This beautiful breed is known for their intelligence and adaptability. Labradoodles are easy to train but should be exposed to formal training to reap lasting benefits. They are a loving companion, wonderful with children and thrive on family interaction. Their non-shedding coats (in multi-generational dogs) is a huge attraction to those who enjoy having their pets living alongside the family inside the home.
The range of colours is astounding and diverse, giving individuality to each dog. From the beautiful blacks whose coats shine in the light through to the reds, chocolates, creams, parti’s and so many other variations. Their coats require grooming (clipping) every 8 – 12 weeks, and they should be fully brushed every few days to avoid matts, which can become very painful.
Coats may be fleece, wool or hair. Hair coats are shedding coats, and mainly seen in the early generations. Fleece coats have a soft wavy appearance and wool coats have a curly appearance. Both fleece and wool coats are hypoallergenic.
There are three size ranges – miniature, medium and standard. The miniature height ranges from 35cm to 42cms with the weight range between 7kg to 13kg. The mediums range from 43 to 52 cm in height and 14 – 20 kg. The standard labradoodle will range from 53 - 63 cm with a weight range of 23 – 30kg.
All the parents of Aamberdell puppies have been health tested for the following:
Autosomal Hereditary Recessive Nephropathy
Centronuclear Myopathy (Labrador Retriever Type)
Cone-Rod Dystrophy 1 – PRA (cord 1)
Congenital Myasthenic Syndrome (Labrador Retriever Type)
Cystinuria (SLC3A1) Labrador Retriever Type
Elliptocytosis B-spectrin (Labrador Retriever/Poodle Type)
Exercise Induced Collapse (Retriever Type)
Gangliosidosis GM2 (Poodle Type)
Generalised PRA 1 (Golden Retriever Type)
Glodboid Cell Leukodystrophy/Krabbe’s Disease
Hereditary Nasal Parakeratosis/Dry Nose (Labrador Retriever Type)
Ivermectin Sensitivity MDR1 (Multi Drug Resistance)
Mild disproportionate Dwarfism (Labrador Type)
Mucopolysaccharidosis VI (Poodle Type)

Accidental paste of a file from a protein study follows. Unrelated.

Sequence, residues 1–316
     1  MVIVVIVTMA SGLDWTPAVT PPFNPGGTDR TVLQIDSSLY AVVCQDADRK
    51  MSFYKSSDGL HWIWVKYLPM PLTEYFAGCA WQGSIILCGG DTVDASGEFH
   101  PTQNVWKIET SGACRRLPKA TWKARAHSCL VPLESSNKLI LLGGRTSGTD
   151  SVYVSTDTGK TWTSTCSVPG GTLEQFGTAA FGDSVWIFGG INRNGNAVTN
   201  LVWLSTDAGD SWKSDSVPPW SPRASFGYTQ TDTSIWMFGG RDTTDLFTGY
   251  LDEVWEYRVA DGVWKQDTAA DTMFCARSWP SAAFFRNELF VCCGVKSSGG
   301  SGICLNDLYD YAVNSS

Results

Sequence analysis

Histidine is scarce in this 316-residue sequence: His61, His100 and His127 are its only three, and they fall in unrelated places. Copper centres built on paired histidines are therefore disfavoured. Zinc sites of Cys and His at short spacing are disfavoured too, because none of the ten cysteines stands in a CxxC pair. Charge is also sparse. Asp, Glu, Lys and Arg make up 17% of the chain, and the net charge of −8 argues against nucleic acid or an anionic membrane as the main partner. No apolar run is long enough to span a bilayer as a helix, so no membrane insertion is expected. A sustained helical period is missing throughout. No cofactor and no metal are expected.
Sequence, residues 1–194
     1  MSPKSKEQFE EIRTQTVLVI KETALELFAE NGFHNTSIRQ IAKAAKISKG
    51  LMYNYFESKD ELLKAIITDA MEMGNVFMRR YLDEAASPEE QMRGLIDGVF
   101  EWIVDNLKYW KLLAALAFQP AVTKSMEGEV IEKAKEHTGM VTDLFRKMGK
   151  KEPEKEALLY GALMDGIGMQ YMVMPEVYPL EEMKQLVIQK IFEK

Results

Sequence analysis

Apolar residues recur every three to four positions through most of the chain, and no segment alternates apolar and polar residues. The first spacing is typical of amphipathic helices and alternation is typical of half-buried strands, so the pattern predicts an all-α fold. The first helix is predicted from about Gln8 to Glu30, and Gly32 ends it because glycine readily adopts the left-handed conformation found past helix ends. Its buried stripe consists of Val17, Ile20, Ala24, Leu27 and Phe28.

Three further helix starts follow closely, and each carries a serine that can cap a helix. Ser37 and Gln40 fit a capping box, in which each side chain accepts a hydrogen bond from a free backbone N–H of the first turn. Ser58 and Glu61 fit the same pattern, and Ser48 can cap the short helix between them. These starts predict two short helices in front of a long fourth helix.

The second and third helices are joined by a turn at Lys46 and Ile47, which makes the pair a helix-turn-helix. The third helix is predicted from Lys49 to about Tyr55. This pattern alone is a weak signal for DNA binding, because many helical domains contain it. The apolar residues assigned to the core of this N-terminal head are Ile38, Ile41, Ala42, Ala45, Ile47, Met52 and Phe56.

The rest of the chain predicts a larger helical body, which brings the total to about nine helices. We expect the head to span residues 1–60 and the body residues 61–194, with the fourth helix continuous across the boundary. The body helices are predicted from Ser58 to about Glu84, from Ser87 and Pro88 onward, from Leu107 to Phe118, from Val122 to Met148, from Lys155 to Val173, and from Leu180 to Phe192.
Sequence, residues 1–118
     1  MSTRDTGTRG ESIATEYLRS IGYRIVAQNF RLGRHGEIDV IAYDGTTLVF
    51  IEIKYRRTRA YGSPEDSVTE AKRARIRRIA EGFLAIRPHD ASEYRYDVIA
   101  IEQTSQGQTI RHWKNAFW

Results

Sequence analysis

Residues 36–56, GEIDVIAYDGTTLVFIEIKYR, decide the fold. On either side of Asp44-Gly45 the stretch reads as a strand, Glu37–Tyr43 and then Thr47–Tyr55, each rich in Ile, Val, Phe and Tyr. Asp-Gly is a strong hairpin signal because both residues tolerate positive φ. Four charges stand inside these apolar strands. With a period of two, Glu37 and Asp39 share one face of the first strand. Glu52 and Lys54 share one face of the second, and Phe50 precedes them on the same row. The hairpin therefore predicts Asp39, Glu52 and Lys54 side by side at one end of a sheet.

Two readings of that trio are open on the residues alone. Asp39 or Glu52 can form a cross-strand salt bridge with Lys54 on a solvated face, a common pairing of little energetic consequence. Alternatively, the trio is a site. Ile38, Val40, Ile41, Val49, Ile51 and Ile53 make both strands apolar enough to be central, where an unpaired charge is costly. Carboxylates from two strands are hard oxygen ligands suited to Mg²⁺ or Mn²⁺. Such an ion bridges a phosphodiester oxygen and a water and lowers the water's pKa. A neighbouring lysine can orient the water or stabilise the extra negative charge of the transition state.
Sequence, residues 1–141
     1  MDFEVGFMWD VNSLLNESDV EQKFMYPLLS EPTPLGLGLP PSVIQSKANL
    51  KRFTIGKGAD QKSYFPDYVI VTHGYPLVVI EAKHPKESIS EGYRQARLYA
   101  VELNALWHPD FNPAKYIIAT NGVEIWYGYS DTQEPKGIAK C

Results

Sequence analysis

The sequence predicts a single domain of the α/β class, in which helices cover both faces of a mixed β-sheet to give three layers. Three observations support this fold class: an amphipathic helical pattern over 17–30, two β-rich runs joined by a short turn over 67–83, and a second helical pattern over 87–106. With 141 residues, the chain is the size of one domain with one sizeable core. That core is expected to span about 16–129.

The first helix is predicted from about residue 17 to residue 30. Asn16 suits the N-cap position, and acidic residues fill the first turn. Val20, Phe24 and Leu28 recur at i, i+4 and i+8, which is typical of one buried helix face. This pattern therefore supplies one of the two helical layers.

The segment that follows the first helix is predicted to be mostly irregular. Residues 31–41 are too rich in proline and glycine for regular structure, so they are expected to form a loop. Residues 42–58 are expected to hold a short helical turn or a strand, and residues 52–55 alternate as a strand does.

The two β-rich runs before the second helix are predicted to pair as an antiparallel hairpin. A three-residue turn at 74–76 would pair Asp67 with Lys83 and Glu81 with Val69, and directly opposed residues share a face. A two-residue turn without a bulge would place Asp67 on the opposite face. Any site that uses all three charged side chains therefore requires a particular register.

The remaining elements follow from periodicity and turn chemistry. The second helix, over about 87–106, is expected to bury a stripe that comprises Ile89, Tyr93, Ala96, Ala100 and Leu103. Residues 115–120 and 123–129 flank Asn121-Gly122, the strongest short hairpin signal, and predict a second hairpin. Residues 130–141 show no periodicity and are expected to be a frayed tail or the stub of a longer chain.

Myotubular Myopathy X-Linked (Labrador Retriever Type)
Neonatal Encephalopathy (Poodle Type)
Phosphofructokinase Deficiency (Spaniel Type)
Progressive Rod Cone Degeneration (prcd) – PRA
Pyruvate Kinase Deficiency (Canine)
Pyruvate Kinase Deficiency (Labrador Type)
Skeletal Dysplasia 2 (Mild disproportionate Dwarfism)
Von Willebrand’s Disease Type 1
Hip and Elbow scores by PennHIP and the Orthopedic Foundation for Animals (OFA)
Even with the best of the Breeder's ability, sometimes Mother Nature may get it wrong, but if these tests are completed on the sire and dam, and followed up with good breeding practices, any health concerns in the puppy will be minimised.
This topic is such a contentious issue and one that we have spent a lot of time agonising over as to which way to go with our puppies. We want to do the right thing, and it seems the right thing is different for everyone. We've spent a year or so researching and talking to mentors and vets, all who come down on one side or the other. We’ve read many studies and could now convincingly argue both sides.
When it all boils down, it becomes a personal choice (for you and for us) after making an educated and thorough quest for all of the information. Our choice is to perform early-age desexing and here’s why we made that choice:
An argument against is that there are studies that report an incidence of urinary incontinence. These studies take a cross section of dogs (raw numbers) – both desexed early and later. They look at how many of each have incontinence and then come up with a ratio. The studies don’t have controls set and are not double blind. They are not from the same litter, the desexing was not performed by the same vet, they don’t have the same pedigree or history, so in fact, the results could be misleading. I’m not discounting that urinary incontinence could be caused by EAD, but here are some other feasible reasons for incontinence in dogs:
In essence there are so many variables that without controlled studies, no one can say definitively that EAD causes a great percentage of incontinence.
Another argument against is the possible occurrence of hip dysplasia – where the growth plates don’t close correctly. When we spoke to our vet who has had many years of dealing with labradoodle puppies and performing EAD (with no incontinence issues), she said that for small and medium dogs, EAD will not disadvantage them at all. What could cause hip dysplasia is:
Our dogs are small and medium. We have PennHip and OFA tests completed on all our breeding females and we won’t use a stud dog unless we have suitable PennHip, OFA and DNA tests for that dog.
There are many reasons why we think that EAD is the responsible decision:
We are not vets or scientists so we have to rely on the advice of those we trust (and not just Dr. Google) – our vet and institutions who have the best interest of the animals and the community at heart.
The one thing we keep coming back to is that the RSPCA (and other animal welfare groups) advocate early-age desexing. Now we know their agenda is to reduce the number of accidental litters and unwanted dogs having to be euthanised, but we would expect that they would not support EAD if it was in any way detrimental to an animal’s health. You may read what they have to say here and their report here.
We will be happy to change our stance on this if in the future the RSPCA and our vet come to the conclusion that EAD is not the way to go, but at this point in time, we are feeling a social conscience/duty towards not contributing to the 130,000 dogs euthanised in shelters across Australia each year. Our hearts break for them.
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